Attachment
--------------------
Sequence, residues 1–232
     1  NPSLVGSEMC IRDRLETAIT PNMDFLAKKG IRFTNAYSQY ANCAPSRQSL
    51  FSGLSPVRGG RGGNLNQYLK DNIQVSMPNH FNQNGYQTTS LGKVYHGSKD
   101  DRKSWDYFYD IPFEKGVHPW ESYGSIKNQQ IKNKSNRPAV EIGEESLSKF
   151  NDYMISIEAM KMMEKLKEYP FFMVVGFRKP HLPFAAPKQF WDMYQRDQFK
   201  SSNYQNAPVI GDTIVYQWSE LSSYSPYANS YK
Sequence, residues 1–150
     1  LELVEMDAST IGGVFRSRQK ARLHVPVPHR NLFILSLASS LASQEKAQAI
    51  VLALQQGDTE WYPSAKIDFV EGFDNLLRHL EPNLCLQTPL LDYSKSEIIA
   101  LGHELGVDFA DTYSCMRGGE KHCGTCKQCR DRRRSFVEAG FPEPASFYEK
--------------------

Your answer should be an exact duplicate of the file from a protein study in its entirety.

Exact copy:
Sequence, residues 1–232
     1  NPSLVGSEMC IRDRLETAIT PNMDFLAKKG IRFTNAYSQY ANCAPSRQSL
    51  FSGLSPVRGG RGGNLNQYLK DNIQVSMPNH FNQNGYQTTS LGKVYHGSKD
   101  DRKSWDYFYD IPFEKGVHPW ESYGSIKNQQ IKNKSNRPAV EIGEESLSKF
   151  NDYMISIEAM KMMEKLKEYP FFMVVGFRKP HLPFAAPKQF WDMYQRDQFK
   201  SSNYQNAPVI GDTIVYQWSE LSSYSPYANS YK
Sequence, residues 1–150
     1  LELVEMDAST IGGVFRSRQK ARLHVPVPHR NLFILSLASS LASQEKAQAI
    51  VLALQQGDTE WYPSAKIDFV EGFDNLLRHL EPNLCLQTPL LDYSKSEIIA
   101  LGHELGVDFA DTYSCMRGGE KHCGTCKQCR DRRRSFVEAG FPEPASFYEK